Tuesday, 19 August 2014

Reactions and Reflections on the 2014 National Day Rally

I can't help but compare with the NDRs of Lee Kuan Yew.

Firstly,  I thought it was sad that time had to be spent during this NDR in explaining the CPF, the minimum sum, and retirement options.

But perhaps it was the zeitgeist - the concern of the day, of the people.

And perhaps it is an indictment of the government's communication of policy.

Secondly, I thought the NDR to be too inward looking.

Again, zeitgeist. And politics, I guess.

But I thought about LKY's rallies, and what would he talk about if he were PM today.

I think he would have chosen to focus on more important things.

What is more important than the concerns of the electorate in a time when PAP is losing votes and being accused of ignoring the concerns of the electorate? Would he focus on "more important things" and risk further antagonising or at least alienating a prickly electorate?

I may be wrong, but yes, I believe he would.

And what are the "more important things" that he might have focused on?


Yes, it is a country very far away and one wonders what relevance it might have to this Little Red Dot.

And yes, LHL did touch on the issue briefly with reference to MH17. And yes, that was ONE way the Russian situation MIGHT have affected us. But that was emotive at best. Possibly sensationalistic at least.

I believe LKY might have tried to get us to understand why Putin's ambition presents a risk even to this Little Red Dot, if not an outright danger.

Or how the danger might be contained, or ameliorated. 


The European Union as a neighbour (or at least in the neighbourhood) to Russia could have provided a counterweight to Russia and perhaps helped to "contain" Putin. But it is weak. It's continued existence, likely not in doubt (barring some catastrophic event), is nevertheless, tenuous or at least wrought with uncertainties and "existentialistic angst" (I may be using this phrase incorrectly, or at least not in the usual sense).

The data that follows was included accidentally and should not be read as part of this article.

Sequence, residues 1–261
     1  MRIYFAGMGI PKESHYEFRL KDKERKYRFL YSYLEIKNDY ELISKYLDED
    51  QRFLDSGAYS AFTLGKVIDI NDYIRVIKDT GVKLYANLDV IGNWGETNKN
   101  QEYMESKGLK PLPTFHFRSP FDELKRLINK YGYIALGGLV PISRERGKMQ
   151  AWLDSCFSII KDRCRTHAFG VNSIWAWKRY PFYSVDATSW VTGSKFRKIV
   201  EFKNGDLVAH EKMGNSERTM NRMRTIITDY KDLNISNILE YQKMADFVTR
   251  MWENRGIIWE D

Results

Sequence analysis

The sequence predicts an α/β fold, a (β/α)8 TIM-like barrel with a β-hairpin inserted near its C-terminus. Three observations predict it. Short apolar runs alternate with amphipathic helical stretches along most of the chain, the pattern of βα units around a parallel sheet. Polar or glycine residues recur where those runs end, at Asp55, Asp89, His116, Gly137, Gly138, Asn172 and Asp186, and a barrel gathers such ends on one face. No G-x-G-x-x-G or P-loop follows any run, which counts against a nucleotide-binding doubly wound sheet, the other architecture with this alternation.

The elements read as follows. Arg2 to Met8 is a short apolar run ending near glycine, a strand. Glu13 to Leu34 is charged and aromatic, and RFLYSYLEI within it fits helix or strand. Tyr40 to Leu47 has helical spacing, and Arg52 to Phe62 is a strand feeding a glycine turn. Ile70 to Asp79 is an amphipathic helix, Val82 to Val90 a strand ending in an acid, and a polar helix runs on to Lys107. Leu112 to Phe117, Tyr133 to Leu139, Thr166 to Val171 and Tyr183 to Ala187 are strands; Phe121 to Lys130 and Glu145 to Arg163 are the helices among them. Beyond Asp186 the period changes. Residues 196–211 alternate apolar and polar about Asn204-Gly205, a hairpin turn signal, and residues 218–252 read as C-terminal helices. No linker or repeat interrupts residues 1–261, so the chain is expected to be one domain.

What is the danger or risk to Singapore with a weakened, ineffective, undirected, unsynchronised, wracked with unemployment, threatened (by Russia) EU? I would trust that if this was an issue, LKY would have explained the importance of this to us. At NDR.

USA in Decline (?)

The question is, are the rumours of US's "death" greatly exaggerated? Certainly, with the so-called "end of history" the US was the pre-eminent and predominant Superpower in the world, but without an equal, without a sparring partner, without a challenger, they have gone soft, gone to seed.

Is this the start of a downward spiral which the US will be unable to reverse or is it reversible? Do we want it reversed? Is this to be the start of the Asian Century or even Asian Millennium and should we invest ourselves in this new age and abandon the old regime?

What are the dangers of a US in decline?

China Rising(?)

And what about China Rising? Will it "replace" the US, or displace the US, or just do their own thing? What does it mean for Asia, ASEAN, and Singapore? Again, LHL did touch on it briefly when he mentioned the disputed isles in the South China Sea, but then he moved onto what people wanted to hear.